Emerging Technologies in Retail Banking: The Long Road to Customer Centricity
After years of more talk than action, North American retail financial services has reached a tipping point in the use of technology. Legacy branch-centric operating models are giving way to multichannel, customer-centric initiatives.
In the report, Emerging Technologies in Retail Banking: The Long Road to Customer Centricity, Celent updates and expands upon a previous report, Branch Banking in a Multichannel World: What Ever Happened to the Branch of the Future? August 2010. The report draws upon interviews among financial institutions and solution providers as well as a survey administered among 132 North American financial institutions during May and June 2012.
The previous research, conducted in July 2010, found that, despite the rapidly growing popularity of self-service channels, the branch network constituted financial institutions’ highest channel priority among a growing array of alternatives. Financial institutions had been investing in the branch channel, but the changes were baby steps toward a more substantial transformation. The 2012 survey suggests that the branch of the future may finally be in sight.
More significantly, the survey reveals that, for a growing number of financial institutions, the long journey towards customer centricity has begun. In Celent’s view, the events of the past several years have pushed a number of FIs past a tipping point, leading to significant, measurable changes in attitudes, organization, and technology deployments since Celent’s last survey in June 2010. Specifically:
- Online rules. The online channel is now considered more strategically important than the branch channel by a majority of FIs. This reflects a dramatic change in thinking.
- Branch of the future may be emerging. While substantive branch transformation remains a rarity in North America, there appears to be a growing consensus that the status quo is unsustainable. Importantly, this sentiment has been accompanied by action—significant investments in technologies to improve sales and service effectiveness, such as: CRM, customer analytics, and campaign management systems over the past three years.
- Platform systems get modern. Two years ago, the bulk of branch channel technology spending had been check imaging. With check imaging projects largely completed, banks turned toward removing the remaining paper in the branch in the form of automated deposit account origination systems.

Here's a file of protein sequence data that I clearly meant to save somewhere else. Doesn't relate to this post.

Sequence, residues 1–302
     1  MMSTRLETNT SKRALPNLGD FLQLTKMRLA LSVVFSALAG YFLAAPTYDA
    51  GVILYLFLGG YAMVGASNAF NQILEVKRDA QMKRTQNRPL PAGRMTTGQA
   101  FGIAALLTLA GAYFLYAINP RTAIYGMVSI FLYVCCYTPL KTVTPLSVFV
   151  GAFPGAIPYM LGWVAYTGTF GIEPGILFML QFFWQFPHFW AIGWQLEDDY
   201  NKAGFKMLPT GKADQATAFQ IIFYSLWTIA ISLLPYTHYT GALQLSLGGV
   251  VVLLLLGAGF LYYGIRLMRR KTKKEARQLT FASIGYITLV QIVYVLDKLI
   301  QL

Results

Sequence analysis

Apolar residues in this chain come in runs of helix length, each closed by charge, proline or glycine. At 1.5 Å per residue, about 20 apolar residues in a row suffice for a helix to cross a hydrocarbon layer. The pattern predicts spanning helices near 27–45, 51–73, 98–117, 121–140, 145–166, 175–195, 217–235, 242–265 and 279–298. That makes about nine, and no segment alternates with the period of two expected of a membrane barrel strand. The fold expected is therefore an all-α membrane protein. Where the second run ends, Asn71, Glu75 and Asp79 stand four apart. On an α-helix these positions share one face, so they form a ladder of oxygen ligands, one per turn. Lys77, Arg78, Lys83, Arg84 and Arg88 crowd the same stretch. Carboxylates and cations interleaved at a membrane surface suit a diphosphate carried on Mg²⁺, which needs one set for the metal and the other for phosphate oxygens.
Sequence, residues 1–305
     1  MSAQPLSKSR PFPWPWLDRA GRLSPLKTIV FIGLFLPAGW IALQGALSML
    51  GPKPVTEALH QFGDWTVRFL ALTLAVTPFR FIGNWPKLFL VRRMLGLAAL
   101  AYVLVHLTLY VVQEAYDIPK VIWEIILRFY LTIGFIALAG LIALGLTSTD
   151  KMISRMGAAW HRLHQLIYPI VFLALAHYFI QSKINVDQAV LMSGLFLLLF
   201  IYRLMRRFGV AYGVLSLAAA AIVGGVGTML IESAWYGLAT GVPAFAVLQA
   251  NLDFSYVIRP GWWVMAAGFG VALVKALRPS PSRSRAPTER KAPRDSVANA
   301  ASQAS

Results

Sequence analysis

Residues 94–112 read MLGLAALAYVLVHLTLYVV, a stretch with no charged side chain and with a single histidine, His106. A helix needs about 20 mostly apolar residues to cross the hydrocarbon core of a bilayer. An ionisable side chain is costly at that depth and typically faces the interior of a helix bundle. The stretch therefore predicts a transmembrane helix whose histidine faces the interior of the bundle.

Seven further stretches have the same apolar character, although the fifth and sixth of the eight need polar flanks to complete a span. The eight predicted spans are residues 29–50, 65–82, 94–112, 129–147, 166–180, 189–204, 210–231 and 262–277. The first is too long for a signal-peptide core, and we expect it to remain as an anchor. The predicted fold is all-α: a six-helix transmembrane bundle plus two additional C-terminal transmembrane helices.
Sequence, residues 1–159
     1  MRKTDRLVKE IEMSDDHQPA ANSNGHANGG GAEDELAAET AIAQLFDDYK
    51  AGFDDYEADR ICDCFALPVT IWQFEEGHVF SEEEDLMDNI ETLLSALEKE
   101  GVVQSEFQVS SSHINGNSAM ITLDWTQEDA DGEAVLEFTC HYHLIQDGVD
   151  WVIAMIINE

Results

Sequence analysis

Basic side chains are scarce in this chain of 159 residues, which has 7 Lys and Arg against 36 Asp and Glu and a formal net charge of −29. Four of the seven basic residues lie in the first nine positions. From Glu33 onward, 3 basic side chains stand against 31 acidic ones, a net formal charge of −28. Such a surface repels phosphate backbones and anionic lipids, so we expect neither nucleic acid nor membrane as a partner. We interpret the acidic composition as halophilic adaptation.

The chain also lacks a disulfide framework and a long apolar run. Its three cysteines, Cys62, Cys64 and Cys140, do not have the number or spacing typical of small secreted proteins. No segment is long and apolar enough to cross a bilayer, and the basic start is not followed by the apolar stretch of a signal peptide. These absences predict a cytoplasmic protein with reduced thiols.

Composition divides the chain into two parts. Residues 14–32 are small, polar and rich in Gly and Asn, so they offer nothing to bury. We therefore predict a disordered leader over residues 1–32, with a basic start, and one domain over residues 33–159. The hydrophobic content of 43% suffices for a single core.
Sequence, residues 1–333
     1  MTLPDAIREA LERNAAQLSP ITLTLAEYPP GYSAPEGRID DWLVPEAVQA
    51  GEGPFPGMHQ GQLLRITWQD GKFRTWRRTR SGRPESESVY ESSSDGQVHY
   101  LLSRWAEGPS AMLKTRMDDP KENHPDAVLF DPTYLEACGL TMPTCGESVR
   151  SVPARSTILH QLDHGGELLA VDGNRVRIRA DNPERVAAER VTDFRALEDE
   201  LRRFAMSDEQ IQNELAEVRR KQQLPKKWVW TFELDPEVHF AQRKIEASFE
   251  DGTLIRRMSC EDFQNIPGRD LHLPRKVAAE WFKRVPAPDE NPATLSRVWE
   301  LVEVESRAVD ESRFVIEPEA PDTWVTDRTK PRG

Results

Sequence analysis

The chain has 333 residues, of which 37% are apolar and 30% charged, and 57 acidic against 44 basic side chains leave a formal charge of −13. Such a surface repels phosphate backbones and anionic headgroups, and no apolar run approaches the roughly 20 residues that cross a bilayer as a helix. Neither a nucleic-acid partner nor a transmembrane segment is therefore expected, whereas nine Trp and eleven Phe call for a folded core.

- Even cores may be changing. Aging core banking systems present an impediment to delivering the customer centricity more banks seek. Yet few FIs have had the courage to change cores. That may be changing, albeit slowly.
“Perhaps the only thing more depressing than the current retail banking business and regulatory climate is the prodigious effort needed to equip retail financial institutions to thrive in our increasingly multichannel world,” says Bob Meara, Senior Analyst with Celent’s Banking Group and author of the report. “A significant majority of financial institutions are ill prepared for what is upon them. A minority have begun a complex journey, but there is a long way to go. No one has yet arrived.”
This report begins with an analysis of surveyed retail banking strategic priorities, the changing role of distribution channels, and the importance of technology in realizing key priorities. The report then examines the current and likely future trends in branch, online, mobile and social media channel platforms. Then, the report similarly examines the growing array of back office systems relied upon to integrate multiple channels, segment customers, and equip front line sales teams to realize increasingly elusive profitable revenue growth. Appendices provide research methodology and detailed technology adoption information for branch channel and back office systems.
This 66-page report contains 76 figures and three tables.